Triffik? Just a Little Bit Less than Underwhelming.

The comic, Triffik, set out to become the main rival to the Beano, it was set up with about £200,000 and was published by Communications Innovations (CI). The first issue was printed on the 29th of February, 1992. It had high hopes, 400,000 issues were printed and was expected to sell over 500,000 for the first issue. The editor was Paul Cockburn, he had no experience in comic editing, but said he was a “traditional comic reader.” He was contracted by CI for twelve issues, which coincidentally was the last issue. They must have seen after twelve weeks that it wasn’t going to work and their estimations of the comic were somewhat impossible to achieve.

Perhaps one of the best characters was Buster Case drawn by Tim Perkins and Co. (who also drew Heather Hacker and Dino Swords in the comic). It was a detective strip which, instead of a story (Sheerluck and Son and Nick Kelly), it got the reader involved. You had to try and work out whodunnit , Buster would interview the suspects and they would reveal pieces of information. On the Ed’s page you could submit the three clues you saw and the culprit, if you sent in the slip, and you were the lucky winner, you would win £100. A fortune for a  7- 12 year old.

An angry Scotsman, maybe like Euan Kerr when he found out CI thought they could rival The Beano. Euan is reported saying that Dennis the Menace was ready for a challenge. Dennis hardly had to lift a finger before Triffik was knocked out. Other than Buster and Angus, many of the characters were merely copies of more successful ones, Disastrous Dick was like the second version of the Smasher, and the cover story, Dr. Blood’s Monster Hospital, similar to Hire a Horror. The comic showed promise, but sadly wasn’t able to shine. For comic fans Triffik was nothing more than a wannabe, they wanted all the success of The Beano, but did not back up this with good story lines and relatable characters. It will be remembered as a comic that promised the earth, but didn’t deliver.


Beano No.1500

The 1,500th Beano from April 17th, 1971, was scarcely celebrated, nothing mentioned in the comic, not a special front page, or a free gift. If you could not see the date and number you would have thought it was a normal comic. It has a funny Biffo the Bear cover drawn by David Sutherland. He meets a dentist named I.Tuggit and Biffo runs away thinking hes going to pull out his teeth.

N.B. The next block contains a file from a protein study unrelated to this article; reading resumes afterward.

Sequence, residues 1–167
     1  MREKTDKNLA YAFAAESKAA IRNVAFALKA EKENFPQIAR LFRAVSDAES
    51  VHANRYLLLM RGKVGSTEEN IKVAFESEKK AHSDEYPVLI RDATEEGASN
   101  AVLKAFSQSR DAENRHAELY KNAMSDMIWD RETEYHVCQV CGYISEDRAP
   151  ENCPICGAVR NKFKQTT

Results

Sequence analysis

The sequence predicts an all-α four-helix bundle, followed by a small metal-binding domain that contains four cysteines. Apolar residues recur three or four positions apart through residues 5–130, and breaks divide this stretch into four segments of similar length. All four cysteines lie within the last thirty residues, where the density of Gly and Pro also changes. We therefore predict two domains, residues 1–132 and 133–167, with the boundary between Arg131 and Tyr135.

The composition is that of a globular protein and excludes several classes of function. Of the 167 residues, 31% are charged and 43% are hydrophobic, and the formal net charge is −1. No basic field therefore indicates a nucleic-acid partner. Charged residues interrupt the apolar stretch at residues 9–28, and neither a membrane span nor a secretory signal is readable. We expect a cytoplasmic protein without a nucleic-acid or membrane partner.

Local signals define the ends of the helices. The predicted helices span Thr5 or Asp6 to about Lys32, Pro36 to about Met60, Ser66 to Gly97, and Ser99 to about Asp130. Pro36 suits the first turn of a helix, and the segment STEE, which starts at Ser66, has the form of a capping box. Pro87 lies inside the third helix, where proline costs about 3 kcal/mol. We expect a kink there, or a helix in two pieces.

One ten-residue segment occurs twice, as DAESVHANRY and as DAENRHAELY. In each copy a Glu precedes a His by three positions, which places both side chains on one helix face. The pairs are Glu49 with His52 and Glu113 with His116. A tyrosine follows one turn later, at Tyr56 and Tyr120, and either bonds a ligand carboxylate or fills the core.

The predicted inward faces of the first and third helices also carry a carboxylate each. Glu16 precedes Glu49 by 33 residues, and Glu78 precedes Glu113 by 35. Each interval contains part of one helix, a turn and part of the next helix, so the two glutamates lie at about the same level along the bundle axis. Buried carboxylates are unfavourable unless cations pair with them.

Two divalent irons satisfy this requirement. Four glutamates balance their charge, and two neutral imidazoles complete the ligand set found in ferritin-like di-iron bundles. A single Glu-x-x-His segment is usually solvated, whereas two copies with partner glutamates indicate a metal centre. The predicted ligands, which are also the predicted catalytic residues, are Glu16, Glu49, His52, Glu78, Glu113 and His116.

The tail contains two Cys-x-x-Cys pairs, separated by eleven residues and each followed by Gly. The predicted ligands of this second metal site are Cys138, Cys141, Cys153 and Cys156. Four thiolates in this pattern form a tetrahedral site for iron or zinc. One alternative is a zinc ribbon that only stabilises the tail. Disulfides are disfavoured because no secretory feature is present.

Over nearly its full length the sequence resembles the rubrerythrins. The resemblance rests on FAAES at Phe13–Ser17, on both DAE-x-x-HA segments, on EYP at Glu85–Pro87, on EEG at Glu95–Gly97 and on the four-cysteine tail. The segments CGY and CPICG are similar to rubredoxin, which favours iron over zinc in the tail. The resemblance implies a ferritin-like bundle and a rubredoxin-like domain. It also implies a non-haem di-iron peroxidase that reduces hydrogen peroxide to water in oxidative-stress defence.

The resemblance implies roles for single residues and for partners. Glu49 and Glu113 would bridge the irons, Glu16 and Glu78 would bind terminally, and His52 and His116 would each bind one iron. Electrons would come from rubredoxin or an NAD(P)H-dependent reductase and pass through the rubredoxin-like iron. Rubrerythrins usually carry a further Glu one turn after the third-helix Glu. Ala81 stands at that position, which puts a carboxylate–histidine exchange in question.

From the first Beano in 1938 only one character remains, Lord Snooty, drawn by Robert Nixon, Snooty needs a quick way to get to school? In true comic style instead of catching a bus, he builds a slide to the school gate, but Aunt Mat puts stop to that in the last picture.

The comic has all the “usuals” Minnie, Roger, Three Bears, Pup Parade, Little Plum, The Nibblers, and the Bash Street Kids. The adventure storys are Admiral Jumbo and Here Come the Q-Bikes. It also features the short lived strip The Belles of St.Lemons, the sister school to Bash Street. The Billy Whizz strip, drawn by Malcolm Judge, sees Billy working as a lift attendant in the aptly named Hotel De Poshe, where he causes trouble trying to race the lift.

In another 5 years Dennis would have taken Biffo’s place on the front cover, but at this landmark Biffo is still the “top dog.” Dennis, also drawn by Dave Sutherland, is found at the back of the comic causing trouble with boot polish and coal, trying to copy Commando tactics. Need I say more?

Such a landmark for a British comic was undoubtedly not celebrated as much as it should have been. I wonder if the staff and editor thought it would still be around 41 years later?

Character Feature: Ginger

Everyone’s favourite Ginger appeared first in the first Beezer on the 21 January 1956. Originally drawn by Dudley D.Watkins, Ginger first started as the Beezer’s cover star, until 1961 when Pop, Dick and Harry took the cover, he then got it back in 1964. After Dudley D. Watkins’ death, Bob McGrath drew Ginger until 1985. Bob McGrath drew The Three Bears for the Beano as well. After 1985 he was drawn by Jimmy Glenn who drew Ginger until the Beezer merged with the Topper.


A Dudley D. Watkins’ Ginger from the first Beezer Annual 1958


Ginger drawn by Bob McGrath (I think) for the Beezer Summer Special